Japanese Government Appoints Minister Of Loneliness
The Logical Indian Crew

Japanese Government Appoints "Minister Of Loneliness"

Japan's new Loneliness minister Sakamoto said that he was gearing up to hold an emergency meeting of experts, policymakers, and would hear concerns from people dealing with loneliness and isolation.

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By taking the first substantial step to tackle a widespread problem of 'loneliness', gradually leading to suicidal deaths, the Japanese government has appointed a minister of loneliness. Tetsushi Sakamoto has been anointed with this responsibility.

Sakamoto is also in charge of the nation's falling birth rate and revitalising regional economies.

Giving extra space in the cabinet for 'loneliness' may sound conspicuous but Japan is not the first country to do so. The United Kingdom was the first country to appoint a loneliness minister in 2018, since then the UK has gone through three loneliness ministers. Three years ago, Australia also considered a similar position.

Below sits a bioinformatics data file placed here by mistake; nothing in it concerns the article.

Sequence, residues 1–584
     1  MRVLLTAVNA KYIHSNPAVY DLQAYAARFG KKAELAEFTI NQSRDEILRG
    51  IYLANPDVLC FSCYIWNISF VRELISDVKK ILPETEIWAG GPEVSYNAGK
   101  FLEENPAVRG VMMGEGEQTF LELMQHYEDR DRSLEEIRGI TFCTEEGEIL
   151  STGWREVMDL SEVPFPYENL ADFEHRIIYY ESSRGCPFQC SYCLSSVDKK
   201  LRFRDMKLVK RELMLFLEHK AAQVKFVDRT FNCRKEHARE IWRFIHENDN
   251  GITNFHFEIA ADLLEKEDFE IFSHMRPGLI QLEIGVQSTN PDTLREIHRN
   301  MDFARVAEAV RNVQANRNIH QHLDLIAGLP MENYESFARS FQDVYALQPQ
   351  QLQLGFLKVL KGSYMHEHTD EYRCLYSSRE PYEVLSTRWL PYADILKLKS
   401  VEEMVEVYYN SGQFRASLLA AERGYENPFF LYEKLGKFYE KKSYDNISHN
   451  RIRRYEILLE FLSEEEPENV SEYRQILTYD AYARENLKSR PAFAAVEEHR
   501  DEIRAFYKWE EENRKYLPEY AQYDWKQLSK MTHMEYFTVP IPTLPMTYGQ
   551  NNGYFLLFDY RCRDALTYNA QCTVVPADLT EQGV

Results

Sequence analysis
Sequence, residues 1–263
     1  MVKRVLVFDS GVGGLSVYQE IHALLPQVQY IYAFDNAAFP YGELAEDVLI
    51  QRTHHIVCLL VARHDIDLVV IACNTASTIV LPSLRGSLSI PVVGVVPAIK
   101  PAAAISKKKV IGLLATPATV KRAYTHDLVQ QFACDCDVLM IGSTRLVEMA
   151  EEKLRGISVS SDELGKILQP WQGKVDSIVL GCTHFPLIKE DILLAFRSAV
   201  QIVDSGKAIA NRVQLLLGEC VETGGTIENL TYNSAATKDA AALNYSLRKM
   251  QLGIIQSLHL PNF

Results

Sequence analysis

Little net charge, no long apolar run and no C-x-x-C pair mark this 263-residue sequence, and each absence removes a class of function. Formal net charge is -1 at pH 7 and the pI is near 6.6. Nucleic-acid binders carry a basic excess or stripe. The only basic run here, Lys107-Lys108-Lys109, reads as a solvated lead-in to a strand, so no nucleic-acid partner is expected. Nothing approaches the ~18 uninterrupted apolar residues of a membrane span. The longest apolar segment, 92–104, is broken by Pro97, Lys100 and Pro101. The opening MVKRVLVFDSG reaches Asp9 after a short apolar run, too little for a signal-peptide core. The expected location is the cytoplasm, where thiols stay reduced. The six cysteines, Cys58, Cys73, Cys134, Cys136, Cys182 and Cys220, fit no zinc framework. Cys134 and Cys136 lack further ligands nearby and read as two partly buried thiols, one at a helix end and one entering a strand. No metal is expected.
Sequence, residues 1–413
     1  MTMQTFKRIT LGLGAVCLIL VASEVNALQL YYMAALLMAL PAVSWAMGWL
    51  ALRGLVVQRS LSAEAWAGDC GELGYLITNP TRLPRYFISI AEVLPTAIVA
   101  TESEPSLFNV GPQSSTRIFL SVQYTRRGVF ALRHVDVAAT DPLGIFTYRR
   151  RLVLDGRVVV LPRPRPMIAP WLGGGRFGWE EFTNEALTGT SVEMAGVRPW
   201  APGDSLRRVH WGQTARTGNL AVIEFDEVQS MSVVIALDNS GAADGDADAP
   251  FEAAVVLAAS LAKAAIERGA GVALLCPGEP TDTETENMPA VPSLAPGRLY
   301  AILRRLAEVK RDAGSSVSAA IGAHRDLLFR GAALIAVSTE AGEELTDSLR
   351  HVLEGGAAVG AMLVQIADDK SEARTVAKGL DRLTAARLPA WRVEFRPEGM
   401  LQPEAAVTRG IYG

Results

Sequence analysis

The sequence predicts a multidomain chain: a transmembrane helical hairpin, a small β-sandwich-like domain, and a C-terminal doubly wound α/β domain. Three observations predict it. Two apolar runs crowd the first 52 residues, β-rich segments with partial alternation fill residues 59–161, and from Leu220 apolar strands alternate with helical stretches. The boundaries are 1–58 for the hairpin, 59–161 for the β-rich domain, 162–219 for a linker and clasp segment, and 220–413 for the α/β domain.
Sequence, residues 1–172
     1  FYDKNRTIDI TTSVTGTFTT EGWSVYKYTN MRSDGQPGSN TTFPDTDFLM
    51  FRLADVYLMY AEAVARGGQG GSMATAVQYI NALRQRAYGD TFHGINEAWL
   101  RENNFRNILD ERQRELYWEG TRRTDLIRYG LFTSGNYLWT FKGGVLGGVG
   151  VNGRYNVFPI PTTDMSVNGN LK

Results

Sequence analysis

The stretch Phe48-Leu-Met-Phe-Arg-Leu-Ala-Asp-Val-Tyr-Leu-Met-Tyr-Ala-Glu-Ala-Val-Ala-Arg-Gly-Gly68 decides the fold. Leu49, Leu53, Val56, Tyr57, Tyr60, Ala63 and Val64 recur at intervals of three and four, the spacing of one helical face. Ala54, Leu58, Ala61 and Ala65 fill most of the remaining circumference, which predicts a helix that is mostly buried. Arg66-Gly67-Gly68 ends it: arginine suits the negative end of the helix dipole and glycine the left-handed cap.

The COVID pandemic also brought mental health problems along with it. The norms of social distancing have isolated people more than ever, leading to a rise in suicides for the first time in 11 years. Unfortunately, by October 2020, more people had died due to suicides than COVID-19 in Japan, the Japanese National Police Agency told the Insider.

According to the Japan Times, in a press conference on February 12, the Prime Minister of Japan Yoshihide Suga told Sakamoto: "Women are suffering from isolation more than men are, and the number of suicides is on a rising trend. I hope you will identify problems and promote policy measures comprehensively."

Notably, Japanese women's contribution to suicidal deaths is worrying. In October 2020, 879 women committed suicide, a significant increase of 70 per cent compared to the same month in 2019.

A Japanese professor who studies suicide in Japan told the BBC, "A lot of women are not married anymore meanwhile in order to support their livelihood they don't have permanent jobs. So when something happens, of course, they are hit very very hard."

Japan's new Loneliness minister Sakamoto said that he was gearing up to hold an emergency meeting of experts, policymakers, and would hear concerns from people dealing with loneliness and isolation.

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